More than 100 staff members work in the Division of the Humanities. We'll introduce you to our staff in this continuing series.
Associate Director, Center for the Art of East Asia
Department of Art History
What do you like most about your job?
I've been at this job since 1996 after completing my PhD here. But it's still interesting, as the work hasn't stayed the same. I enjoy doing research, and I began the job as supervisor of research materials for East Asian Art. From there, the job and I have both grown. Professor Wu Hung established the Center for the Art of East Asia in 2003 in the Department of Art History, and I became its Associate Director. Our projects have included symposiums and publications, websites, and exhibitions. We've been working with Humanities Computing on creating websites with interactive digital imaging for teaching and research on East Asian handscroll paintings and Chinese Buddhist cave temples. In 2004, we started using scanners to create 3D models of Buddhist sculptures in museums around the world. This past year, we received funding from the Cyrus Tang Foundation for new international collaborative initiative building on what we've done in the past and have hired three new staff members. Though international travel has been curtailed, and we've working from home all these months, there's hardly been a dull moment.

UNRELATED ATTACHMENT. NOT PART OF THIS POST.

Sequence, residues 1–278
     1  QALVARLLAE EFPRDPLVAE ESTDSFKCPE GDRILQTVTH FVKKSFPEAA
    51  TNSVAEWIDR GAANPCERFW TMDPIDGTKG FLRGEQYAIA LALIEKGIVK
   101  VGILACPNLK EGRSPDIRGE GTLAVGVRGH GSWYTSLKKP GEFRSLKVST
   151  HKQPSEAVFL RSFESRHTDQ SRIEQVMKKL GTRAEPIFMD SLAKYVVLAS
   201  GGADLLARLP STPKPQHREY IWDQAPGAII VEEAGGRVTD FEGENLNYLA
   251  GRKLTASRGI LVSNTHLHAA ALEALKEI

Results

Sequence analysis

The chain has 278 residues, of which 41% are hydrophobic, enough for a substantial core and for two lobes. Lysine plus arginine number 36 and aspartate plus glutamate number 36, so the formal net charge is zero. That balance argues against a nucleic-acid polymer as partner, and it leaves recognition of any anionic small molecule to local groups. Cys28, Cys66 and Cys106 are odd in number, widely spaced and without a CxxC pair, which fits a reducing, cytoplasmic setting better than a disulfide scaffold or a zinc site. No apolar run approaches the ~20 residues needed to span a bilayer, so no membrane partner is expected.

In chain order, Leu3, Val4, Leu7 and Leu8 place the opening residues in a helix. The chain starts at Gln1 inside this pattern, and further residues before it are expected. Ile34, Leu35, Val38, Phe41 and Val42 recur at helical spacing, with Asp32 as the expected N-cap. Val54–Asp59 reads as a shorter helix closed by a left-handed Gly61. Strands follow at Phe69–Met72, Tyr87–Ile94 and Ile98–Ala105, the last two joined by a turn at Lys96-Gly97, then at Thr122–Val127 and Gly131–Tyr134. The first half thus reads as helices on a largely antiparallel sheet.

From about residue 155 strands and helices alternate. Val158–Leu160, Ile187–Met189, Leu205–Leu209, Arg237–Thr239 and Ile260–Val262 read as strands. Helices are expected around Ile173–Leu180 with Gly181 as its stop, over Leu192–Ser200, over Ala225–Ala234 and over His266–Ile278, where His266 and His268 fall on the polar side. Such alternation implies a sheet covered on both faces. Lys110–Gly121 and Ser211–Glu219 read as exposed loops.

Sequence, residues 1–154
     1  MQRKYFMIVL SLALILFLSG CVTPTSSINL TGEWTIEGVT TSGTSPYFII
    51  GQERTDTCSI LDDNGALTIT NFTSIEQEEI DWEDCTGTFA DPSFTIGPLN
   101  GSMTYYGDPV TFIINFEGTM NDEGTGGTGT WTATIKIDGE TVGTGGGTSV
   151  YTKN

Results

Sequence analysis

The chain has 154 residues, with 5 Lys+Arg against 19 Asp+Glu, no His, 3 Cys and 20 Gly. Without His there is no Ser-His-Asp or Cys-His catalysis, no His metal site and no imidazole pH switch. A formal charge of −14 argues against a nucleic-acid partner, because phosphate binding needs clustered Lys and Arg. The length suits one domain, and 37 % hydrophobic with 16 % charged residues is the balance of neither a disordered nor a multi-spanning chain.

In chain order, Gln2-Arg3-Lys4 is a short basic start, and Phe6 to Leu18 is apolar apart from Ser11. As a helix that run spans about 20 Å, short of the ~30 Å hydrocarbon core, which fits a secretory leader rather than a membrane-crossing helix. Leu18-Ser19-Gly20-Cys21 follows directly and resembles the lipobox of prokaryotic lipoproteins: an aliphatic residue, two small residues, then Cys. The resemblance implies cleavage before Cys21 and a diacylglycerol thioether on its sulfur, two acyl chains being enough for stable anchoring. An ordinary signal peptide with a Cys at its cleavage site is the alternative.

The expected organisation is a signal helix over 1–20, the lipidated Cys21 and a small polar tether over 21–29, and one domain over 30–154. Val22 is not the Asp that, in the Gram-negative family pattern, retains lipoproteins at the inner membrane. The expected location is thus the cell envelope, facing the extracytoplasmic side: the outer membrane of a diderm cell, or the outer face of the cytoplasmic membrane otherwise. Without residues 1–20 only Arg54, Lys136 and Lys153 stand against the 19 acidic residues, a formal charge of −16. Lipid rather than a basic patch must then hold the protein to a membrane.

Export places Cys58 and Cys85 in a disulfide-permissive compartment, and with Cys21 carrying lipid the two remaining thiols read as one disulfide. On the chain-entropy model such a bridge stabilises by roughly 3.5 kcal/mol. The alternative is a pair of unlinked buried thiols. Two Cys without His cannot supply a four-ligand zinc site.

What was the last good book you read?
I've not been doing much reading this past year outside of articles for research, and following the news rather obsessively, but I've made it most of the way through Pankaj Mishra's From the Ruins of Empire: The Revolt Against the West and the Remaking of Asia. It's a history of the last two centuries from a non-Western point of view and essential reading for all who have any interest in how the world came to be as it is today. My next book to read is something less serious though it doesn't sound like a laughing matter, Haruki Murakami's Hard-boiled Wonderland and the End of the World.
You might work with me if ...
… you need information about Center for the Art of East Asia's digital collections and websites.
What are you most looking forward to this spring?
I want to get back to the office to retrieve data, and expand and reconfigure our office spaces.